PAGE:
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The difference between Pilates and Yoga

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Pilates? That's like Yoga right?

Instructors often have to clarify the difference between the two to those unfamiliar with either. People often think that Pilates and Yoga are both about becoming more flexible, breathing, and relaxing. Yes. They do make you more flexible, there is a lot of breathing, and the fact that you take time out from the craziness of life does make you more relaxed. But besides the occasional crossover moves like Plank or the Teaser (aka. the Boat), they have quite different goals.

Yoga aims to open and create space, lengthen muscles and lubricate joints, to create a sense of expansion. This is not to say that the body cannot get unbelievably strong from Yoga; there are poses that require not only muscular strength but also tremendous reserves, will, and perseverance. Give me a hundred rollups over one Wheel any day!

Furthermore, these effects can also extend to the mind and spirit. For those who stick around for long enough, a subtle change happens within the practitioner and as the internals change, so do the externals. In addition, the Yoga practice is basically endless. The poses can get deeper, more challenging, demand more reserves; the sky’s the limit. Even if potentially all poses have been discovered and mastered, the meditative and practical aspect of Yoga go on for as long as life does.

While Yoga expands, Pilates holds. The body does not only need flexibility and lightness; it also needs to hold. Joints need stability as well as freedom of movement; just ask anyone with a back or knee injury. Of course, Yoga also has poses that stabilize, but ultimately that is not its main focus. Stabilization through the strengthening of the core and spinal muscles is the main goal of a Pilates practice.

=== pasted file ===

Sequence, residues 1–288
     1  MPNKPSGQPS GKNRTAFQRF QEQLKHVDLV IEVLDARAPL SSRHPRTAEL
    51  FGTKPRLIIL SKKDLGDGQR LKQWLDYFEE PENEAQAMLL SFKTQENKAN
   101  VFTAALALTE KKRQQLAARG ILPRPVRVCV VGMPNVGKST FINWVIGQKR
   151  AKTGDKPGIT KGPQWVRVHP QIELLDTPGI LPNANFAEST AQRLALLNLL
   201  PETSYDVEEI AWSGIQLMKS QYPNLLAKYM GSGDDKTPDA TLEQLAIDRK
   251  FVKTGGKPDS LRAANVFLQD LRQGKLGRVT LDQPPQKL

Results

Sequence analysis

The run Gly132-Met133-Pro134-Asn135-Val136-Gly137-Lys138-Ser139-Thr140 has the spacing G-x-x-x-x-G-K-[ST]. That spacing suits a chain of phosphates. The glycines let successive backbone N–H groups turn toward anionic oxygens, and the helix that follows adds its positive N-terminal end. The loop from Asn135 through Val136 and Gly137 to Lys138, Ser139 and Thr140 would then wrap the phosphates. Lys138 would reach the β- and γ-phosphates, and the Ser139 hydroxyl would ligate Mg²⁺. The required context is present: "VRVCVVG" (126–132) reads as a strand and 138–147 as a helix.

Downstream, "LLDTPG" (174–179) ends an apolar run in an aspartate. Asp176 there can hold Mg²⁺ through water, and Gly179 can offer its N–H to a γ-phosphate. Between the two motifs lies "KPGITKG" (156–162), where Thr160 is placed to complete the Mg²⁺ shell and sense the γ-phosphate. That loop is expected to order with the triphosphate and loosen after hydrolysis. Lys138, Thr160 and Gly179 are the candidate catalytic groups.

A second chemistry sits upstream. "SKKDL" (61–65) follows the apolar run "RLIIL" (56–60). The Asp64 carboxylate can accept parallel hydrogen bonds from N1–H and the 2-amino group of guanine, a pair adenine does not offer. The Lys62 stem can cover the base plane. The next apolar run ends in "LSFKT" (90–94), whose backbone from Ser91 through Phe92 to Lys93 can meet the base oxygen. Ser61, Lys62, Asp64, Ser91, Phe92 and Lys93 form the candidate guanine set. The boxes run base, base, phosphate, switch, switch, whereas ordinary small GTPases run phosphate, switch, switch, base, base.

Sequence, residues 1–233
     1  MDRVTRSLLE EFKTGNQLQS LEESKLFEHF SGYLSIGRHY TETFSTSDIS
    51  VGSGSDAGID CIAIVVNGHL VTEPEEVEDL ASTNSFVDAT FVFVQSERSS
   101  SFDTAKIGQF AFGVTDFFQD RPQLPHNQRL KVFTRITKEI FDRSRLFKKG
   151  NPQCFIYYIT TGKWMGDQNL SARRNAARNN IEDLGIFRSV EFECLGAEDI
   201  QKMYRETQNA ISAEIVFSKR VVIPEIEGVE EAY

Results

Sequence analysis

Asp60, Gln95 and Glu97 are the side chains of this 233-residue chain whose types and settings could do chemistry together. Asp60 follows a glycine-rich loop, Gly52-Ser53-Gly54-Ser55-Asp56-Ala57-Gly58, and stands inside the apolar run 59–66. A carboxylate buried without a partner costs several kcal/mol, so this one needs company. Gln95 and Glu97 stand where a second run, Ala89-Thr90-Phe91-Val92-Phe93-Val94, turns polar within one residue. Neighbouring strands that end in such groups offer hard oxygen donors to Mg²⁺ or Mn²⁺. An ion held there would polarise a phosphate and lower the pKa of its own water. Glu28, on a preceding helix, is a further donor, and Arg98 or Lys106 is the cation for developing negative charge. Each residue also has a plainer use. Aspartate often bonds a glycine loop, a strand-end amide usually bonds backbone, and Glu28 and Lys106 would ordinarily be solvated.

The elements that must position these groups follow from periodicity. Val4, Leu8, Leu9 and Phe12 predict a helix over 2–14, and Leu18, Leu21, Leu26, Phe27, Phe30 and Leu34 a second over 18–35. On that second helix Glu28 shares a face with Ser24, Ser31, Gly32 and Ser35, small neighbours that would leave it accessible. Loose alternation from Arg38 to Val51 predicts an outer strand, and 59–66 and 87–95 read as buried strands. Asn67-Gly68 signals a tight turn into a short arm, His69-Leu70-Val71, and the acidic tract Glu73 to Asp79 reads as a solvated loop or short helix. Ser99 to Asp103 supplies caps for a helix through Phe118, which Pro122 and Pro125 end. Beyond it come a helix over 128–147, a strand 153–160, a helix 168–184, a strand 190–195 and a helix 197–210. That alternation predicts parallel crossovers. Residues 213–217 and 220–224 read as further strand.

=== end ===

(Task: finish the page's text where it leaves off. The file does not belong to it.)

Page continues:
While each Yoga asana uses the entire body, Pilates focuses all work on the core. The practitioner is taught how to initiate all movement with the abdominals. Lower abdominals are trained to hold the pelvis in the correct position, upper abdominals and upper back muscles to hold up the upper spine, all work aimed at a strong core and a long, neutral spine. Shoulder joint rotation and scapular placement are also important parts of a Pilates practice. While Yoga is also strong on alignment, Pilates is obsessively so. Hours may be spent on teaching shoulder rotation or ensuring the movement of the spine comes from the correct area. Although this is more a quality of the teacher, Pilates does seem to attract more ... hyper-corrective instructors.

Yoga keeps your spine loose, Pilates keeps it in position. Yoga makes long, strong, and flexible muscles, Pilates strengthens the muscles that hold the Yoga muscles. Yoga keeps your joints oiled, Pilates keeps them from slipping out. Yoga aims to create flexibility of body and mind, strength and resilience, to open and expand, and ultimately to transcend the body; it is the ever expanding circumference of the circle. Pilates grounds and holds; it is the center.

The roles of the two bring to mind the saying “Keep your head in the clouds but your feet on the ground.” Yoga can build strong roots and trunk, but mainly its primary goal is to reach, reach, reach for the sky. And while there’s plenty of reaching in Pilates, its focus is on building strong roots and trunks. And if all metaphors are still failing, if you can’t feel the difference between where your ribs end and your obliques begin, well…that’s Pilates. If you can bend your spine or put your body into some circus-reminiscent pose without ending up in traction, that’s Yoga. Do them together… and now you‘re talking!

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